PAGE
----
Objective: To assess the prevalence of gluten-free diet (GFD) among school-age children in Olmsted County, Minnesota, and compare it with the prevalence of celiac disease (CD) in the same age group. Methods: We performed a population-based study in Olmsted County using a survey to collect information from the six school districts in the county for the academic year 2014–2015. The survey contained questions to (1) assess the prevalence of GFD among school-age children in the public schools of Olmsted County; (2) assess the prevalence of CD among school-age children in Olmsted County; and (3) determine the indications for GFD in these children. We used the infrastructure of the Rochester Epidemiology Project (REP) to calculate the prevalence of CD in children aged 4–18 years in December 2014. Results: Using the REP data, we identified sixty patients with CD in the county aged 4–18 years; the prevalence of CD among school students in 2014 was 193.6/100,000. The prevalence of GFD in Olmsted County children, however, was higher, at 265/100,000 according to the survey from the school districts. The prevalence of GFD was highest in Rochester, the largest city. GFD was more common among children in secondary schools. Conclusion: According to our study, there are more children on GFD than the actual cases of CD in Olmsted County during the study period. This finding could be related to an increased number of children without CD who are following GFD for other indications.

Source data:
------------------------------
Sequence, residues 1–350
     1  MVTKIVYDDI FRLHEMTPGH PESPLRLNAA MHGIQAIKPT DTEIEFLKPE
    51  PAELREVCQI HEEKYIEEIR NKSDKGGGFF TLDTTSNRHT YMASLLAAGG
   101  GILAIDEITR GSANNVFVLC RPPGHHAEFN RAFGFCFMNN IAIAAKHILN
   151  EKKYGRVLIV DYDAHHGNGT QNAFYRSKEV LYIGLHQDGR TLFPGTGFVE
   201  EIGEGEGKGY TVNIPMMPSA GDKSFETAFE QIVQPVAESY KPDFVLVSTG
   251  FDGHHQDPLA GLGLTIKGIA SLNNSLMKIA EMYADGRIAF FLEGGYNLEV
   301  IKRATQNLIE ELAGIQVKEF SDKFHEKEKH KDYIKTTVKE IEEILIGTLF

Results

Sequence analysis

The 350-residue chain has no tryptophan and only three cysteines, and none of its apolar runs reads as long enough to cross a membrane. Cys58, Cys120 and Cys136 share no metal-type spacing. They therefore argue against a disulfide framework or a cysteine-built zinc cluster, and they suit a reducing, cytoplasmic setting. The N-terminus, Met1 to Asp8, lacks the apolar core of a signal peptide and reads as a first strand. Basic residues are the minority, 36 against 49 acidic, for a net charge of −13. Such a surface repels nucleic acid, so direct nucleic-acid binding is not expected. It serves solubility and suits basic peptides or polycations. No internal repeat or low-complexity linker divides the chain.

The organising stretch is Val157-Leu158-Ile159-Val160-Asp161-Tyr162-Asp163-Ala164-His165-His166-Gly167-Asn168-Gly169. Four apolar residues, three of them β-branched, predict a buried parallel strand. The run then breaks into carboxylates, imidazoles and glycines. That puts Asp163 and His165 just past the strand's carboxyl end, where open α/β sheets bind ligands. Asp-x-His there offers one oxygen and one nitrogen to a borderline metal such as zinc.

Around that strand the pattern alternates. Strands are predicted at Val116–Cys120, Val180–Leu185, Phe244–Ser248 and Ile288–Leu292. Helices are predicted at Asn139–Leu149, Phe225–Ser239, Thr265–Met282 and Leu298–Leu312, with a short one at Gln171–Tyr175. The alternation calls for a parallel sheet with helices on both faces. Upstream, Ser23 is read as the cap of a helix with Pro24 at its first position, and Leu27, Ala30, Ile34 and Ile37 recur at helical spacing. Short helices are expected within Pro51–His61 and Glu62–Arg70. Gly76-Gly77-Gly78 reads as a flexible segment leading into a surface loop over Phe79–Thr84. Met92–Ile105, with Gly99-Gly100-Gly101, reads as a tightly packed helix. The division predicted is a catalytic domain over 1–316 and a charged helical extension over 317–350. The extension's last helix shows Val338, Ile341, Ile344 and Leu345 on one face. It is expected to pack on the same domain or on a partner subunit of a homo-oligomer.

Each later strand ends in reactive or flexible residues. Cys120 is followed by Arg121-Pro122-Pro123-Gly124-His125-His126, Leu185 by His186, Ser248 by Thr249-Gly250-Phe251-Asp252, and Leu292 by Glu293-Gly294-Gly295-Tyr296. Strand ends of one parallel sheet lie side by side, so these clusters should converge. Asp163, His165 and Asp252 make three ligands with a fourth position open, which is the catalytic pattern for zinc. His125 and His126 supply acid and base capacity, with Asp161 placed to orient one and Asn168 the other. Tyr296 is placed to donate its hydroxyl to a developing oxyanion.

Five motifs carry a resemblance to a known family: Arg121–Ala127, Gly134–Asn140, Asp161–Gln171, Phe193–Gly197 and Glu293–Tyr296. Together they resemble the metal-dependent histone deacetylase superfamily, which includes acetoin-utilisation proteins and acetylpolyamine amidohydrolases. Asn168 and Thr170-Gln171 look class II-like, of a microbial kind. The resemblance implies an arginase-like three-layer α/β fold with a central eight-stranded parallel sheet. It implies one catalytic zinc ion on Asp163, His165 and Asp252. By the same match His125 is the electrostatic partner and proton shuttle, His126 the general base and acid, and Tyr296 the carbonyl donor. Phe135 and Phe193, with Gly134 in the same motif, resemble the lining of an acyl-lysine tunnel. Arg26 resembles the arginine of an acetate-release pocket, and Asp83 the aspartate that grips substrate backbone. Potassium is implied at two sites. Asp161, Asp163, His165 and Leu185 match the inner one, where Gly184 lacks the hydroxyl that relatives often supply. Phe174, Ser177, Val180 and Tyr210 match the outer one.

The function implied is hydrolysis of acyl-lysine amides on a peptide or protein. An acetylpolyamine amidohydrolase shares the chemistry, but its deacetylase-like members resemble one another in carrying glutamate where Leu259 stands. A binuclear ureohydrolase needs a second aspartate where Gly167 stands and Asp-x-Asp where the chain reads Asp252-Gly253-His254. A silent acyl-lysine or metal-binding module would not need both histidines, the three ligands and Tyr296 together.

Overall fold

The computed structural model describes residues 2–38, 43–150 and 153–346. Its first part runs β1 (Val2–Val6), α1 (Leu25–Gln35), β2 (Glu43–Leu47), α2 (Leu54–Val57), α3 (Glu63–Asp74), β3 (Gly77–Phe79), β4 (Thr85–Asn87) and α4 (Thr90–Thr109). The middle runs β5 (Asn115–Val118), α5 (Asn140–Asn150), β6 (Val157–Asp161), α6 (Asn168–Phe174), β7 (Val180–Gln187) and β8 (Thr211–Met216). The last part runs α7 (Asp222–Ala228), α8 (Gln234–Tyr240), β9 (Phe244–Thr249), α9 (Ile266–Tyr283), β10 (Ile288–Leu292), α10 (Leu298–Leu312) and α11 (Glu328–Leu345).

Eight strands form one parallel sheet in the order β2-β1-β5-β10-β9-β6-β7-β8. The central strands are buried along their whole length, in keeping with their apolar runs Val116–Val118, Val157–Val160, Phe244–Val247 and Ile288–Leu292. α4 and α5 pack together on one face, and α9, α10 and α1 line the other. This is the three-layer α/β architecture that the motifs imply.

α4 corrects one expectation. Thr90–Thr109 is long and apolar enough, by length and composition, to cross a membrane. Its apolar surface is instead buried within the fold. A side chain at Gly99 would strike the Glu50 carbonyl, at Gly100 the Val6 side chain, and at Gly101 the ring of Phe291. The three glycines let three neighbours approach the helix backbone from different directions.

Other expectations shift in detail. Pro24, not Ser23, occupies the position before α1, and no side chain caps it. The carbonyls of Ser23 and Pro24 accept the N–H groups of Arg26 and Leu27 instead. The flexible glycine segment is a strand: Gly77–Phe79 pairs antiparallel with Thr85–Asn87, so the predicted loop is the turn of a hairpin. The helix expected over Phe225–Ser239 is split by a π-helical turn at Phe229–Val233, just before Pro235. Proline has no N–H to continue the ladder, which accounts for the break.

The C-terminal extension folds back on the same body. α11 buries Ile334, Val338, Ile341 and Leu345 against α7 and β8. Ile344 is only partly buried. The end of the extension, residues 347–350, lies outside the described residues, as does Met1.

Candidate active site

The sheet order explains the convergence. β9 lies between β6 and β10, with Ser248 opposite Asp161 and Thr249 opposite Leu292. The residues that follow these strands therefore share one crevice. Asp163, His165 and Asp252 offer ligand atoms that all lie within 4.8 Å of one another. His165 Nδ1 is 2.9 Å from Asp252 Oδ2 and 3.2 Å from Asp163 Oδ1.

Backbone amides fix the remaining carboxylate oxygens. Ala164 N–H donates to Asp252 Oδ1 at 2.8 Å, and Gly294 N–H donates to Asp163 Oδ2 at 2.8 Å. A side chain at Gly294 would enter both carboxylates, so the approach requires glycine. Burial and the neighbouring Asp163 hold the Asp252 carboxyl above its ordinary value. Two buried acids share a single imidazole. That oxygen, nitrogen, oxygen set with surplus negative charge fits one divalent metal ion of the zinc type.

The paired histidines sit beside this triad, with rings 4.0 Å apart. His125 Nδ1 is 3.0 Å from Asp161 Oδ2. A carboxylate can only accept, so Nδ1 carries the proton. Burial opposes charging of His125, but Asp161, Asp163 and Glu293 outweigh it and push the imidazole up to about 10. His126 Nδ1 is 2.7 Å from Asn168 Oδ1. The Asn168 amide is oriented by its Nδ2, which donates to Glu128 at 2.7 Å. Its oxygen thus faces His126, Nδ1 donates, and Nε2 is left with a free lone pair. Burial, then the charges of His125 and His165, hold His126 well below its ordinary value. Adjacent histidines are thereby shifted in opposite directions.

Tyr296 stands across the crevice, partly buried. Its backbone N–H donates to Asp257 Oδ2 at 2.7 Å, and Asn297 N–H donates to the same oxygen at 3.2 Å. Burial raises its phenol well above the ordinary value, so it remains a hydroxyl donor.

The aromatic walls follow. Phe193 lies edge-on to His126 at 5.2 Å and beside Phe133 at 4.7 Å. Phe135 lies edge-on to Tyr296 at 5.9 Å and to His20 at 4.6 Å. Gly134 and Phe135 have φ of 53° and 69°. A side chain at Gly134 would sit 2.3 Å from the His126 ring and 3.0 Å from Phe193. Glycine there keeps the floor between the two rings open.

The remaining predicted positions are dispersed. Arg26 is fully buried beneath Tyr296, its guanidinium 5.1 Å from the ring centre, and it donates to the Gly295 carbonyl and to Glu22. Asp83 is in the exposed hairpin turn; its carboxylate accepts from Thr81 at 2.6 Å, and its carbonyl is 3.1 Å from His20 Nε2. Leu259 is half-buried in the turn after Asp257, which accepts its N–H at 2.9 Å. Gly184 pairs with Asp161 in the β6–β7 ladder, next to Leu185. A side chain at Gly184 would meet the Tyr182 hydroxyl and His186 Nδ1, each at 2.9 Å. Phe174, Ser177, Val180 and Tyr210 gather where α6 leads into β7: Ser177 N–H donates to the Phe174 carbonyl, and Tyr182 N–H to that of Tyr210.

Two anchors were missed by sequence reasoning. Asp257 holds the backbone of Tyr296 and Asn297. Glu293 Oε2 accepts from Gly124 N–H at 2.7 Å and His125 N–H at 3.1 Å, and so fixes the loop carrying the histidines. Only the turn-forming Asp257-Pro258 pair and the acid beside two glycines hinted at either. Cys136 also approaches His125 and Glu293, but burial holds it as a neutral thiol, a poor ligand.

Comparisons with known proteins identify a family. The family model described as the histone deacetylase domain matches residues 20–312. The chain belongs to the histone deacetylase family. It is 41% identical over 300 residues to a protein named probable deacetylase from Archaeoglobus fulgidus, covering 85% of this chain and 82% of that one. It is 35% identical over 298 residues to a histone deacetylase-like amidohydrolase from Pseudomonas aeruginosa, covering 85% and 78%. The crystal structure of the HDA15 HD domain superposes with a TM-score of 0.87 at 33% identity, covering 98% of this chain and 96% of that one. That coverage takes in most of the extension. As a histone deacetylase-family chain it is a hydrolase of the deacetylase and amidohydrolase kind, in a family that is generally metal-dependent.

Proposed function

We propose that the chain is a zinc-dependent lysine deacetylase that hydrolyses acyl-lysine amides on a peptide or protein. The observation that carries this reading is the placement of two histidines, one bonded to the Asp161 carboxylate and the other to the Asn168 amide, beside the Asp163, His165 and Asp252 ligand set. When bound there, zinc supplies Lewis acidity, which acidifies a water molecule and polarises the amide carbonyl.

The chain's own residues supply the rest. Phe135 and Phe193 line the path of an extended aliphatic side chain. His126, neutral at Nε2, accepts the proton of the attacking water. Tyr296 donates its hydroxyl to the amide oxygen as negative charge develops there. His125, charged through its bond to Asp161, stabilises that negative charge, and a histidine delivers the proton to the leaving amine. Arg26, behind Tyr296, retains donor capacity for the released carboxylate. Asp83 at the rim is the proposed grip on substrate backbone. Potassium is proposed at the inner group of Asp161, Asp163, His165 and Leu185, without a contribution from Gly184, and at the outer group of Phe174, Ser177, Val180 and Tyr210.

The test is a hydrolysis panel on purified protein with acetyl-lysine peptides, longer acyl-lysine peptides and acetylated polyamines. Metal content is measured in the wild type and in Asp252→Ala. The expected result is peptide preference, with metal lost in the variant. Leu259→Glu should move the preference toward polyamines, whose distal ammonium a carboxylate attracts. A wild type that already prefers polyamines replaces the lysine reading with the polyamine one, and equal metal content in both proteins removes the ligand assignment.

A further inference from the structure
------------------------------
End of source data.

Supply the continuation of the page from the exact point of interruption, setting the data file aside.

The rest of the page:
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Pediatric care during a short-term medical mission to a Syrian refugee camp in Northern Jordan Highly accessed article p. 176
Kenneth L Abbott, Catherine A Woods, Dahlia A Halim, Henna A Qureshi
DOI:10.4103/ajm.AJM_100_17  
Introduction: The Syrian refugee crisis, now in its 6th year, has displaced millions. Refugees depend on support from host nation governments and humanitarian organizations like the Syrian American Medical Society (SAMS). We describe the delivery of pediatric care during a SAMS short-term medical mission to a refugee camp in Northern Jordan. Methods: The medical mission team encompassed dozens of specialties. Teams visited many sites, including the Zaatari refugee camp near the Syrian border. For this study, we gathered quantitative data from one physician who provided pediatric care and anecdotes from multiple SAMS physicians who provided pediatric care in Zaatari during the same time period. The physician supplying the quantitative data recorded age, diagnoses, and prescriptions for each patient. Results: The physician saw an average of 69 patients per day. Many of these were children aged 0–4 years. At least one diagnosis was recorded for 73.9% of patients, and at least one prescription was recorded for 85.5% of patients. Discussion: Most presenting complaints involved acute infectious illnesses, but these seemed preventable and related to refugees' living situations. Mental health assessment was difficult. Referrals proved important for evaluation and management of both acute and chronic conditions. For the short term, we emphasize the importance of effective liaison with refugee camp authorities and outside health-care organizations. For the long term, we recommend increased health-care infrastructure development and more emphasis on preventative care. Conclusion: With this study, we provide new quantitative and qualitative insights into pediatric care during a short-term medical mission to a Syrian refugee camp in Northern Jordan.